But as wary researchers know, mice aren't people. For decades, based on studies in mice and other animals, millions of menopausal women took hormone supplements believing the drugs would stave off heart disease. Then, in 2002, the Women's Health Initiative (WHI) reported that women on hormones were more likely to suffer heart problems than those on placebos.

One question raised by the new study is whether women in WHI taking COX-2 inhibitors or general nonsteroidal anti-inflammatory drugs influenced the study's outcome. Women in the study on aspirin didn't appear to be at higher risk, says Richard Karas of the molecular cardiology research institute at Tufts University in Boston. But FitzGerald is beginning to comb through the hormone data from WHI and other studies to take a second look. His team's findings, he notes, could be much more applicable to younger women; although the published COX-2 inhibitor studies haven't noted gender gaps in heart risks, most participants were older.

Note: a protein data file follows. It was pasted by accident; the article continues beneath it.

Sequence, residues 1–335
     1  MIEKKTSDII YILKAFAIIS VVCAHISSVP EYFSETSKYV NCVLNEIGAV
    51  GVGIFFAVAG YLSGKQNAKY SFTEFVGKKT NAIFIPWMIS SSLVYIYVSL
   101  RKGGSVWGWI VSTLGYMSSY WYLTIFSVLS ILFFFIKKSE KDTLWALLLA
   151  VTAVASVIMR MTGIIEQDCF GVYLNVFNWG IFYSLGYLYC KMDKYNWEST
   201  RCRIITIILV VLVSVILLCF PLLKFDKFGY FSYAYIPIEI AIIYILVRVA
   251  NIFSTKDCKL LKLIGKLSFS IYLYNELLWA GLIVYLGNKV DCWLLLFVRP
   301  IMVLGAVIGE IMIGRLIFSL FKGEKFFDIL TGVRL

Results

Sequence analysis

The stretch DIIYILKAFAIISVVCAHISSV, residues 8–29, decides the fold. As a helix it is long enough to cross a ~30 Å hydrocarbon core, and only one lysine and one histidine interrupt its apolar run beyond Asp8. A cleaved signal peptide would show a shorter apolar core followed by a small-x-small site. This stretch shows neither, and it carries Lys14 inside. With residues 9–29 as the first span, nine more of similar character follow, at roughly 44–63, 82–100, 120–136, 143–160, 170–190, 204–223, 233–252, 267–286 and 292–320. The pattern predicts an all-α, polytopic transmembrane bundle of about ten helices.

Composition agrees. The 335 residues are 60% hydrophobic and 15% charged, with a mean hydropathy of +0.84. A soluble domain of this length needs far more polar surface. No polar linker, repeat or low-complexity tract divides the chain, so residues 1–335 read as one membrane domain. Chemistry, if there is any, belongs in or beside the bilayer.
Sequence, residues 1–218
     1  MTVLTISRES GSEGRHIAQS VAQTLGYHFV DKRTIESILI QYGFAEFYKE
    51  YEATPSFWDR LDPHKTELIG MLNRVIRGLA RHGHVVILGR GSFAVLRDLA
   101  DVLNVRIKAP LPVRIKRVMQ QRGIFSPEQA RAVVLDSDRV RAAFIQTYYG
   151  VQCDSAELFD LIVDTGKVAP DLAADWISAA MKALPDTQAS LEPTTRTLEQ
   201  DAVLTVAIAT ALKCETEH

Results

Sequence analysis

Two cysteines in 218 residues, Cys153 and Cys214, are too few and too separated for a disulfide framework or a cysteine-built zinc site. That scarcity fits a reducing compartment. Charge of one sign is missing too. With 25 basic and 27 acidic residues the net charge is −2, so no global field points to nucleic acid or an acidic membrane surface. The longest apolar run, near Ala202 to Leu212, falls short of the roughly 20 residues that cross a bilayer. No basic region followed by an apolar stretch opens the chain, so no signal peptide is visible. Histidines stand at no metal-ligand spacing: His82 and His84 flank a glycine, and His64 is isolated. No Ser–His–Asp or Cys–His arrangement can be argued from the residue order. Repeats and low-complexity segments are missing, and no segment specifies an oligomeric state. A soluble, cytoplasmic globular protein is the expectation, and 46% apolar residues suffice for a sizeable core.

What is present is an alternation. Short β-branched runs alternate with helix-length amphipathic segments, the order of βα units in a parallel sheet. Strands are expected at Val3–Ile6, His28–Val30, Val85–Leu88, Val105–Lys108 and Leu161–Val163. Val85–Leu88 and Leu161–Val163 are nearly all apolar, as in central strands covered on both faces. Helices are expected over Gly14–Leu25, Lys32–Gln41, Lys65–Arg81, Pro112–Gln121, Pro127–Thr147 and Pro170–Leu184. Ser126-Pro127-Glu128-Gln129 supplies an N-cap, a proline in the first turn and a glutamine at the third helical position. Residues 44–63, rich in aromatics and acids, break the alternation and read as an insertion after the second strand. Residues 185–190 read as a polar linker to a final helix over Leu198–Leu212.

Two other COX-2 inhibitors, Celebrex and Bextra, remain on the market, and scientists are trying to determine whether they share Vioxx's risks. FitzGerald's work “raises the question of whether there are gender-specific risks related to the COX-2 inhibitors,” says Karas. If it holds up, he adds, it also suggests that the cardiac hazards “are not some weirdo side effect of Vioxx that's not true in the other” drugs.

10. VOLCANOLOGY

# Iceland's Doomsday Scenario?

1. Richard Stone

The more researchers learn about the unheralded Laki eruption of 1783, the more they see a need to prepare for a reprise that could include fluoride poisoning and widespread air pollution